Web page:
Consequently, since the highly optimized, multi-tasking kernel of the file system of the present invention has been designed to ensure that minimal computational demands are placed upon it, it can be easily configured for additional parallel duplex digital signal management operations—without unduly increasing the computational resources. For example, with the present use of an inexpensive 8051-type 33 MHz microprocessor by the illustrated embodiment of the present invention, duplex operation running parallel tasks can be configured by simply duplicating the requisite digital signal processing hardware to accommodate multiple digital signal input and outputs and configuring the file system to address the redundant hardware. If even further scaling of the architecture is required by a specific application, matching the proper low-power microprocessor to the computational requirements is easily accommodated.

The present invention provides a method and apparatus whereby the application specific software can configure and regulate a customizable file system, which defines the operational parameters, required to store and retrieve specific native formats of digital signal data-types. The file system of the present invention achieves a highly optimized balance between the characteristics of the native digital signal data-types; the type and volume of the digital storage medium being utilized; and the most efficient algorithmic means of defining a File Allocation Unit (FAU) Table entry for digital signal data storage and retrieval—for each application. The file system embodied in the present invention incorporates the use of dynamic file allocation units (DFAU), rather than the fixed FAU values incorporated under the FAT32 file system utilized by the present technology. Typically, the FAU of the present technology is assigned a fixed value or size measured in kilobytes, such as 64 Kb, to accommodate the plethora of data-types that the FAU is required to accommodate general purpose architectures, most of which are quite small. Consequently, changing the FAU to accommodate applications requiring optimal storage and retrieval operational parameters is a complex and somewhat inflexible task. The DFAU of the present invention is highly customizable and data-type dependent, permitting a very high degree of optimization to create a significantly more efficient means to store and retrieve digital signal data for application specific tasks.

This unprecedented flexibility in the assignment of optimal DFAU size greatly enhances the present inventions ability to optimize the digital storage requirements for each specific application. For example, in the case of determining the best operational parameters for storing and retrieving Digital Video (DV) frame data in the NTSC signal standard protocol to and from a 40 GB HDD, we would rightly assume that the actual size of the DFAU would need to be large since the size of video data files tend to be exceptionally large, unlike that of a text document. Further, given that video files are so large that a single ‘file’ could fill the entire volume of the 40 GB HDD, we must determine the DFAU Table entry requirements from the smallest unit of DV signal frame data, a single frame. However, since the rate of transmission of the DV signal data would be quite high, we will need to qualify it in terms of interval—in this case no less than one second during which we would need to store thirty (30) frames. Since we know from industry standards that a single frame of NTSC compliant DV signal frame data is approximately 120,000 bytes, one second of DV signal frame data would require 3,600,000 bytes or 3,600 KB of storage. We then compare our storage requirement for the DV signal frame data to the optimal digital storage unit that the 40 GB HDD was optimally designed to support, in this case 512 bytes per sector. If a single discreet NTSC compliant DV signal data frame has a value of 120,000 bytes, then we know we will require approximately 235 sectors or 120,320 bytes of storage for every DV frame of data. Consequently, our DFAU Table entries must conform to multiples of 235 sectors. Because DV frame data can vary in size (in bytes) we must determine the ‘best-case’ for determining the optimal FAU per given digital storage media. In this example, since we are viewing one second of DV signal frame data, a frame being the least common denominator for this application, then we must look to determine our ideal DFAU as having a value of approximately 4 MB which would accommodate 33 frames of DV signal data. By utilizing the following formula:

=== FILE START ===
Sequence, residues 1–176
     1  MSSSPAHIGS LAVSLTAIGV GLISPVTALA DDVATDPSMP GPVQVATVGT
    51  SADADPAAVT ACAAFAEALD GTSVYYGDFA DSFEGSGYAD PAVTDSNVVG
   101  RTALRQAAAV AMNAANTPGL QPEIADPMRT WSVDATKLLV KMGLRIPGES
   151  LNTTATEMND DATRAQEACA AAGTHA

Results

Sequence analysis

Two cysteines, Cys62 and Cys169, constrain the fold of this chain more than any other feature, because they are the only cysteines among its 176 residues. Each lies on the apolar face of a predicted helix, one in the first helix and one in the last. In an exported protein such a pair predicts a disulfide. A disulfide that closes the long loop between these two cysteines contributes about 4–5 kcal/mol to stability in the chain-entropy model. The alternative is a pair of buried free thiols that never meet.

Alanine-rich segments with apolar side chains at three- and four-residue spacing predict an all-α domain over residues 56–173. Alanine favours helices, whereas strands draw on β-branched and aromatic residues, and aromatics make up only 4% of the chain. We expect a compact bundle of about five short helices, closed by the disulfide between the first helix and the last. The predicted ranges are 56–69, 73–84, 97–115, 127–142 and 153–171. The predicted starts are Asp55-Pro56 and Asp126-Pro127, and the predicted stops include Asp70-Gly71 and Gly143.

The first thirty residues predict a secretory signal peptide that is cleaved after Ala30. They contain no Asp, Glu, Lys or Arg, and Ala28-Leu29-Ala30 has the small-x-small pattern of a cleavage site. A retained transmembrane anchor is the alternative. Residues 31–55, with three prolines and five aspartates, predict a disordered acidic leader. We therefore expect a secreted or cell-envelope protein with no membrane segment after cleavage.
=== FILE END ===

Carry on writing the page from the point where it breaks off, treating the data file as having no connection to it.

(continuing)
Number of DFAU Table Entries=HDD Capacity/DFAU Size, or 1000 DFAU Table Entries=40 GB/4 MB

The above formula allows determination of an optimal DFAU table for the above example will have approximately 1000 DFAU Table entries. For data-types very large in size, the optimized DFAU size has significant benefits over the present technology. For example, if the same example was applied to the present technology utilizing a FAT32 file system with 64 KB FAU as being representative of the FAT32 Table entries, rather than the 4 MB DFAU Table entries of the present invention, there would be 6,250 FAU entries utilizing the FAT32 file system of the present technology to store the same DV signal data. Since the above formula clearly illustrates the interdependence between DFAU size, storage capacity and the number of DFAU entries, utilizing the file system of the present invention we can somewhat arbitrarily select the variables that are most important to a particular application and optimize around those considerations accordingly. For example, if it is determined that an 80 GB HDD is required rather than a 40 GB HDD, but additional DFAU entries are deemed inefficient, then the DFAU size can simply be increased to 8 MB.